SINGAPORE – Having a community where friends could be made meant a lot to Nicholas Tang, especially since there were many places that he could not go to because of his medical condition.
Mr Tang, 17, suffers from a tumour in his windpipe which prevents him from going to places
that could result in infections, but that did not stop him from singing at a performance at the Assisi Hospice Charity Dinner at the Pan-Pacific Singapore Ballroom on Nov 16.
It was because of the community and friends that Mr Tang has found in Assisi Hospice that he discovered his love for music and has since been developing it. Mr Tang has been a patient at the Day Centre for Children in Assisi Hospice since 2001, the same year the Day Centre for Children was opened.
It’s like a community centre where you can make friends especially during the period of treatment because there’s a lot of places and food that you cannot go and eat because of germs,” Tang told CatholicNews.
While “dying” is normally associated with hospice care, Assisi Hospice Chairman Ronny Tan emphasised that this is not the focus for Assisi. Rather, the hospice aims to help terminally ill patients to “live well” while in their care.
In his address at the charity dinner, Mr Tan explained that the hospice does this by improving the quality of life of patients and their families by “alleviating physical suffering such as pain and breathlessness”. Care is also taken to help them to “understand the psychological and emotional struggles” they go through. Financial support is also provided and “avenues for closure” are created.
There has been a sharp increase in the demand for palliative care. In 2000, Assisi Hospice had 66 patients per day requiring home care service. Today, this has grown to 114 patients per day.
In 2003, 230 patients were admitted for residential hospice care, and this has doubled to 427 inpatients in 2007.
Irene Chan, administrator and spokesperson for Assisi Hospice, told CatholicNews that the sharp increase in demand for palliative care is due to the ageing population in Singapore, high incidence of cancer and other terminal illnesses, and a greater awareness of availability of palliative care.
Support for Assisi Hospice has also increased. This year saw the most number of tables sold for its annual charity dinner. The dinner, sponsored by Pan Pacific Singapore, which has been supporting Assisi Hospice and encouraging volunteerism among its staff since 2004, raised the target of $1 million.
The money was raised through the sale of tables at the charity dinner, through a silent auction of art pieces that had been exhibited at Pan Pacific Singapore and donated by the artists, and through a competitive auction at the dinner.
One of the items on sale, a one-night presidential suite stay for two at the Pan Pacific Singapore, began with a starting bid of $1,288 and gradually rose to $8,500. At this point, the hotel’s general manager, Ivan Lee, threw in three nights stay in a normal room during the Singapore Grand Prix season, and the bidding grew competitive, with the item eventually going to Dr Michael Tien at the price of $20,000.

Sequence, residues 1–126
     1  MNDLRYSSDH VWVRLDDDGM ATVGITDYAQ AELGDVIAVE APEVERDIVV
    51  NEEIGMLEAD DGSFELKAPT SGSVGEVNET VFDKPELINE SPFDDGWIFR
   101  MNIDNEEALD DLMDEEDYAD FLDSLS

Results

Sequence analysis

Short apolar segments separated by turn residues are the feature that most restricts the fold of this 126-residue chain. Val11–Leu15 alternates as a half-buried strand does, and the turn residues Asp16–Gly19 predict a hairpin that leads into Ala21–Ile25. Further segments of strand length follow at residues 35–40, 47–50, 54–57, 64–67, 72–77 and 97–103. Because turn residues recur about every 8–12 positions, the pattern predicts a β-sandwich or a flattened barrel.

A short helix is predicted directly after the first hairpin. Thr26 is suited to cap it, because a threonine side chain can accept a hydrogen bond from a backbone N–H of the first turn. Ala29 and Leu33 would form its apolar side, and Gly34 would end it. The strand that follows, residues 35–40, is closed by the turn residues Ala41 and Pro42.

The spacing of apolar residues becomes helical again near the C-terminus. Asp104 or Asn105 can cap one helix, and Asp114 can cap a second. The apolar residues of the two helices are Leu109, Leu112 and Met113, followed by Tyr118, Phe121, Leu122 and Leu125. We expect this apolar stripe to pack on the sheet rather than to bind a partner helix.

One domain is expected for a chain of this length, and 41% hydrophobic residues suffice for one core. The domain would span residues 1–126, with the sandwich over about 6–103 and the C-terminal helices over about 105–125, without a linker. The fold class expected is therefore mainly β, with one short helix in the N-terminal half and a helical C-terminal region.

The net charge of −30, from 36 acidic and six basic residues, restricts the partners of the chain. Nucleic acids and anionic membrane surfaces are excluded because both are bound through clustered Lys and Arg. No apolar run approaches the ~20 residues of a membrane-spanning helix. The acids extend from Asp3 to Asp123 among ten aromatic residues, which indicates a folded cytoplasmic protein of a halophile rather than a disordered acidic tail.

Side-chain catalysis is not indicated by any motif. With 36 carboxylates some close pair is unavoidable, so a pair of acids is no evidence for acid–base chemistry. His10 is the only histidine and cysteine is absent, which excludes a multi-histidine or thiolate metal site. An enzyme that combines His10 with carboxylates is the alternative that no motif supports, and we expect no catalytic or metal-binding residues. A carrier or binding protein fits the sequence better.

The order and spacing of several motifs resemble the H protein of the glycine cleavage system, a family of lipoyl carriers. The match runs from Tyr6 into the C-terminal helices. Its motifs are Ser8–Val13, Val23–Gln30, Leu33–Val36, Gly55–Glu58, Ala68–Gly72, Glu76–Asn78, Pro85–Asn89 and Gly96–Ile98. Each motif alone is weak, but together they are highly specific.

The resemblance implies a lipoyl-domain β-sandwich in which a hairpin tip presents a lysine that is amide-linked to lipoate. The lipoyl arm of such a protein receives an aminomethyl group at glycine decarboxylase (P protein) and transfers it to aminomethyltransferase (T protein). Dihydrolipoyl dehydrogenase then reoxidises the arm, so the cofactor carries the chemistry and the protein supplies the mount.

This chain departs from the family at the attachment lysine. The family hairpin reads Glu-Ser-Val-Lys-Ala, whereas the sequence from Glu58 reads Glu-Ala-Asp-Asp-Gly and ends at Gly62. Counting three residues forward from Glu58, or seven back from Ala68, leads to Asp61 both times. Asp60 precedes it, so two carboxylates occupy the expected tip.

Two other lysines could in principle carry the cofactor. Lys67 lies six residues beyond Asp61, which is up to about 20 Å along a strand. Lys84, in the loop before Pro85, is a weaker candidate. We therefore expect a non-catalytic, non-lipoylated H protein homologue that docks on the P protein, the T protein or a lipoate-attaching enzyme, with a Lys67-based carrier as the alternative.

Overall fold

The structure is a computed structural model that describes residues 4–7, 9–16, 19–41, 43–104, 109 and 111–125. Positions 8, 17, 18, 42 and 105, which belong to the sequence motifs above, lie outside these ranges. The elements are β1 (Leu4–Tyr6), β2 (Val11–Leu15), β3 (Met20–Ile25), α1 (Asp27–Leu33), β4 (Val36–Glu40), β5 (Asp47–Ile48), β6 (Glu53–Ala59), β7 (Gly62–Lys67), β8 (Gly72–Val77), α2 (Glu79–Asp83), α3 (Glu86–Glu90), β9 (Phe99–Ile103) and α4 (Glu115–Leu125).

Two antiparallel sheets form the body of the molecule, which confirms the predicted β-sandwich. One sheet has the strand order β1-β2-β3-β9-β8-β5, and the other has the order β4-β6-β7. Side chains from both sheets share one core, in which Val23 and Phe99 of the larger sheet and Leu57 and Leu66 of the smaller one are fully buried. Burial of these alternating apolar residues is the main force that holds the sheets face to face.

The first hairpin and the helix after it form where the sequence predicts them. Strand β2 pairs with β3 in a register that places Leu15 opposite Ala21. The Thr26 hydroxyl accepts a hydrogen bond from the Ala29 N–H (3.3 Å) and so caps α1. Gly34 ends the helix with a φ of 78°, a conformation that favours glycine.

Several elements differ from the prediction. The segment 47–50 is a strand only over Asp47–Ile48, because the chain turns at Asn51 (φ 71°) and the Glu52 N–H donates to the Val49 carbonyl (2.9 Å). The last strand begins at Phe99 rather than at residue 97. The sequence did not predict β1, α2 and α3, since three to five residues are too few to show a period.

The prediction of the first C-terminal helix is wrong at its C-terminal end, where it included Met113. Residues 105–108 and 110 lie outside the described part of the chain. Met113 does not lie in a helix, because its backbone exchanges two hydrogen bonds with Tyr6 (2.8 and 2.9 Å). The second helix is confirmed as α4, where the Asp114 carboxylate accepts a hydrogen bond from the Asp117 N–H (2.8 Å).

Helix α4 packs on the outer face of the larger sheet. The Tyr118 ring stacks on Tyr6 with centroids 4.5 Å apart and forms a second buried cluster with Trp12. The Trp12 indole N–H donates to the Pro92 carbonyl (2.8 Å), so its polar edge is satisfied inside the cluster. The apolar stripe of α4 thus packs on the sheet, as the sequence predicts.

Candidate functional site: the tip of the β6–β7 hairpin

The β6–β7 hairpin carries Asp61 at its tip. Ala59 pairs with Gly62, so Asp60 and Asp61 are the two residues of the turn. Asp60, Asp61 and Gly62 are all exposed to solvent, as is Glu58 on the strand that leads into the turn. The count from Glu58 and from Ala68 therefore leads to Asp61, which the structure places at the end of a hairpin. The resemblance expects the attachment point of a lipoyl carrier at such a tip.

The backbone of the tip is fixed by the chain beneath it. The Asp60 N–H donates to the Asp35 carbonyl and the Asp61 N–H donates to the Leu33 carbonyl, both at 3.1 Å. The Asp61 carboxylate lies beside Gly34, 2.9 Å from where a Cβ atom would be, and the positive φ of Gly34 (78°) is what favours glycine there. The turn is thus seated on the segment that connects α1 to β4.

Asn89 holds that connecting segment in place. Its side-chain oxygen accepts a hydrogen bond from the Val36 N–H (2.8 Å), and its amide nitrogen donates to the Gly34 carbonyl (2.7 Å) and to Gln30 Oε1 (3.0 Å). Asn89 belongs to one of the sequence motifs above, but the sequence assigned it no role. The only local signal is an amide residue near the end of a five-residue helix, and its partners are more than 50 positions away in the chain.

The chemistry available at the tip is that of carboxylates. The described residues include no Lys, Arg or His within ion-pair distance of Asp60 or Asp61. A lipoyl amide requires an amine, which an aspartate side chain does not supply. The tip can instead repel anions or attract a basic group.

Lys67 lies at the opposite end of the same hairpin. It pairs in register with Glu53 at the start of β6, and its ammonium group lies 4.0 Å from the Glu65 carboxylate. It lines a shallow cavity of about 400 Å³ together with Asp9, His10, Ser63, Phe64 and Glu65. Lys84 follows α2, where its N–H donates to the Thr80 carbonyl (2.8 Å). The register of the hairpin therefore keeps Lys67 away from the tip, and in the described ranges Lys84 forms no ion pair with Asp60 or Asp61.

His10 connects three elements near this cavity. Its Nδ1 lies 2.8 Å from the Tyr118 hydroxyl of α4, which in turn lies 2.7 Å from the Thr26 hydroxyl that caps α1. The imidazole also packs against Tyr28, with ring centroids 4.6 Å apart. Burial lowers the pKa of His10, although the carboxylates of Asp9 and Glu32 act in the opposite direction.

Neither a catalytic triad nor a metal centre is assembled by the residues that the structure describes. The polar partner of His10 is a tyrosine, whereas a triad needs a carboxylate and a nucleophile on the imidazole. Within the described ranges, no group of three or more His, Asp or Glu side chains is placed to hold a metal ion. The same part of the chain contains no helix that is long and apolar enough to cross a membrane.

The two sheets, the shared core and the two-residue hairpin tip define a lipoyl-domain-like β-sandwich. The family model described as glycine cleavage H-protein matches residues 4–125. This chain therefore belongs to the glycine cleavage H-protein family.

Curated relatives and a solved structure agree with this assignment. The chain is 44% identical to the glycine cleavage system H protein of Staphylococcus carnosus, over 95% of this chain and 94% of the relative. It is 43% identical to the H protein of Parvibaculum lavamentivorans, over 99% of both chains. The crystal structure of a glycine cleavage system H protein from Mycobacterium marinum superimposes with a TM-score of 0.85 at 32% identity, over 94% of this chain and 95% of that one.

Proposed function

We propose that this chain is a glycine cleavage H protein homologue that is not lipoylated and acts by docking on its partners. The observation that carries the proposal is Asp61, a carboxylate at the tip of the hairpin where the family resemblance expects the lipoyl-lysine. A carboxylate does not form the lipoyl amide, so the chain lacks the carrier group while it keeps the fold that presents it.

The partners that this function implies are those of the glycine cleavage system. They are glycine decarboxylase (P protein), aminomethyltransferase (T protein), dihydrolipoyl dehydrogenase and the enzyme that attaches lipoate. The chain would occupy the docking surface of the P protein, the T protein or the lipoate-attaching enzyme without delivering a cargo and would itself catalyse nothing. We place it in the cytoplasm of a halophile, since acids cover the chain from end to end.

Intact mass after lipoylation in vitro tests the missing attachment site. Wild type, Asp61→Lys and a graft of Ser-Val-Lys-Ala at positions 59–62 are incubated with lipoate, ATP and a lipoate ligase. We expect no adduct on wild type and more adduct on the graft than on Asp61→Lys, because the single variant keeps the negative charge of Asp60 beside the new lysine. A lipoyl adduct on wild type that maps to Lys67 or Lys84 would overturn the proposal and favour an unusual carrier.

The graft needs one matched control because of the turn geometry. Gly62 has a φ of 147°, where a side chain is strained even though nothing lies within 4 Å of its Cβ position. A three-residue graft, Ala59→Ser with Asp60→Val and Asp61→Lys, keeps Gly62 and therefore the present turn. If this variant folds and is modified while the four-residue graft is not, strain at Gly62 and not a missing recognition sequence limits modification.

Another item, a calligraphy drawn by guest-of-honour Minister for Finance Tharman Shanmugaratnam, was auctioned off for $40,000. The item was purchased by Ho Ching, Assisi Hospice patron and chief executive of Temasek Holdings.
In his off-the-cuff address, Mr Tharman said that hospices and palliative care are going to be “increasingly important” as the government wants to do more in this area as “it needs to cater to a large number of people”. Some of the ways he said that the government will help is to “encourage accreditation” and to encourage more doctors and nurses to take up this specialisation.
Mr Tharman also said that in difficult times, “the business of charity becomes more important and challenging” and that this is something the government recognises and is going to help.
“Charities are not just a substitute for tax dollars, which keeps taxes down,” he said, “but is also a way for people to decide which causes they want to support and put their money there. We hope to encourage a society where rich people are more involved, not just through donating money.”
In 2009, Assisi Hospice needs almost $6 million, of which $4 million is raised through donations, and the remaining comes from government subsidies and payment from patients who can afford.
The proceeds of the dinner leaves Assisi Hospice with a shortfall of $500,000 to be collected by end 2008. Assisi Hospice hopes that the “Light-A-Heart” fundraiser, which involves donors contributing $10 to light up a bulb on a 30-foot Christmas tree outside the hospice, will be able to raise the amount needed.
Assisi Hospice is one of only two Catholic hospices in Singapore, the other being St. Joseph’s Home & Hospice.
Out of the eight hospice providers in Singapore, only Assisi Hospice provides all the following services: in-patient care, day care, home care, loan of medical equipment, recreational activities, special therapies (physiotherapy, occupational therapy, massage), general counselling services, religious counselling, and training for family caregiver. - Daniel Tay, TheCatholicNews